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Program makes room at table for poor (Page 3)

 
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Little steps, big leaps


Squires gives a playful thumbs up as she listens to a recording at a trade school offering degrees in medical coding and billing.
Squires gives a playful thumbs up as she listens to a recording at a trade school offering degrees in medical coding and billing.
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Squires has done a lot of the work on her own, volunteer Charles Schock said. “We supported her, but we didn’t solve those problems for her.”

Schock, a lawyer and alumnus of ASU, has been a member of Tempe First United Methodist Church since 1977. He said he didn’t know what Open Table was when Rynders asked him to be a part of the group.

“I just basically took a leap of faith,” he said. The Table has evolved and changed. “There is a synergy on this Table. We kind of found our roles along the way.”

The group really started bonding after a couple of social outings, he said. “We had a picnic one day, and that was fun. Then we went to a spring training baseball game.”

Recently, Squires dropped out of school, got a full-time job and then lost the job because she could not do the manual labor involved. Then she enrolled in community college classes and fell in love. Squires said all of those things occurring in less than a year have been the biggest surprise to her.

Stumbles along the way

Rynders said that with the exception of Squires, the people at the Table are “church folks.” When Squires got the full-time job, she started questioning whether she wanted to continue her plans to get a degree.



We give Casey encouragement and accountability, said Charles Schock, a member of Open Table and Tempe First United Methodist Church.
“We give Casey encouragement and accountability,” said Charles Schock, a member of Open Table and Tempe First United Methodist Church.
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“There was a lot of inner struggle on the Table. We asked ourselves, ‘Are we here to help Casey achieve her goals?’ or, ‘Are we here to make her accomplish what we think her goals should be?’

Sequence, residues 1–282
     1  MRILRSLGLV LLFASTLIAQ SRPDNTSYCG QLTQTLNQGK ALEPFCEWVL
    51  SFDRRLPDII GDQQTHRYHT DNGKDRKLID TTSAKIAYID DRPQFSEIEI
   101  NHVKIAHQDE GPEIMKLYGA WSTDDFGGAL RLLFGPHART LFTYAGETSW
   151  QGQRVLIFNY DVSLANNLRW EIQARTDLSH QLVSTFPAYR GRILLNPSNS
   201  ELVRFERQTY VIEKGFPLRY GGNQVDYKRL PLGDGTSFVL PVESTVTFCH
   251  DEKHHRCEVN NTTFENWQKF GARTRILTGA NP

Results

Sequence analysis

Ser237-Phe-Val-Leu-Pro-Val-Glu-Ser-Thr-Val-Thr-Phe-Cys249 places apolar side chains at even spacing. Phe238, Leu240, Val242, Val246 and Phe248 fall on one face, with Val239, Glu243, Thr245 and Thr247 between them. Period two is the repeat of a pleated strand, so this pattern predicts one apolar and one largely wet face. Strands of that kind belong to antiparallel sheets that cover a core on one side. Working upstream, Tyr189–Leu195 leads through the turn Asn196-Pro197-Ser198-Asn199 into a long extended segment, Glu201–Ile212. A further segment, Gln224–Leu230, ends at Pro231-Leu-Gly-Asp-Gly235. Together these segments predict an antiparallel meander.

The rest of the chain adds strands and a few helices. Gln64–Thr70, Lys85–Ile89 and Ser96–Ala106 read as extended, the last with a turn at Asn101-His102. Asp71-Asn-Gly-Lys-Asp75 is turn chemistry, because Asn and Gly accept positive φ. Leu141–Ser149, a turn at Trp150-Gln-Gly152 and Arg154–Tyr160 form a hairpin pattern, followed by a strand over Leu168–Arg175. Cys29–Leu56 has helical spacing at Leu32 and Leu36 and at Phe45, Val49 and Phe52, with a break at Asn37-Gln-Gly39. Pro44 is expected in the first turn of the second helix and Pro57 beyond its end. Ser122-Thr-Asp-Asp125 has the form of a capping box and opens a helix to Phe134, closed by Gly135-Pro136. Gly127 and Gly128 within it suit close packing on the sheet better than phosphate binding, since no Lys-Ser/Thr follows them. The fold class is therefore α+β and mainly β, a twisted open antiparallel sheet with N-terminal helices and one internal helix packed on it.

“For two months, it was pretty tense; the family was having issues,” Rynders said. “That was part of the growing process for us as a Table.”

Rynders is determined to clear the path for Squires to get back into school. Squires owes ASU $2,500 in medical withdrawal fees and can’t get advising or enroll in classes until that is repaid.

People of faith

Rynders said that with the exception of Squires, the rest of the Table is “church folks.” They are from different denominations — United Methodist, Southern Baptist, Episcopal and Catholic. Two of the original members — Indra Ekmanis and Joe Canarie — have graduated.

Insisting she share their faith or getting Squires into a church was not on the list of priorities for the Table. “Part of the Table model is you accept the person for who they are and where they are,” Rynders said. “It is providing that grace.”

All of the meetings begin and end with prayer. That is something Squires loves.

“I developed such a respect and admiration for these people, and I loved participating in the prayer and listening to them tell me about their faith and why there were involved in what they were doing,” she said. “I felt absolutely no pressure to convert but felt very accepted and respected, which gave me a deeper faith for people.”



Cara Coleman, far left, and Rynders, center, walk across the campus at Arizona State University after their weekly Wednesday lunch with students.
Cara Coleman, far left, and Rynders, center, walk across the campus at Arizona State University after their weekly Wednesday lunch with students.
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Squires said she wants to give back by someday being on an Open Table herself.

“Casey might not label herself a Christian or person of faith, but we have all seen how God has been at work in her life,” Rynders said.

Amazing journey

Open Table is not an easy task, Rynders continued. Katov said Squires became the rabbi teaching the rest of the group what it is like to free someone.

“That is not an easy thing or a good feeling,” he said. “It rearranges all your molecules, and it hurts sometimes.”

But all the trouble is worth it because of the rewards, Rynders said.

“The possibility to not only change a stranger’s life but (also) to change your own life, to change how you see the world, how you see poverty, to see people who are in need and the work that God does in your heart and in your mind is pretty amazing,” he said.

Schock admits it was tempting on some nights to stay home and watch "Monday Night Football" rather than go to the church for Open Table meetings. “Sometimes God stretches us in ways we are not exactly sure of. Sometimes when you do take that leap and you don’t know exactly where you are leaping, it can be very fulfilling.”

“It sends good ripples through the rest of your ministry about what your priorities are,” Rynders said.

“Everyone has something to offer, and that’s the great thing we have learned,” Coleman added. “We have learned just being in relationship is transforming.”

“A lot of times people don’t want to do the hard work,” Rynders said. “They rather just say, ‘Oh, that’s too hard. There is no way I can help a person who is in a situation like that. I don’t bring anything to the table so I am not going to even try.’ But this just shows if you do try, amazing things will happen.”

* Gilbert is a multimedia reporter for the young adult content team at United Methodist Communications, Nashville, Tenn.

News media contact: Kathy L. Gilbert, Nashville, Tenn., (615) 742-5470 or newsdesk@umcom.org.

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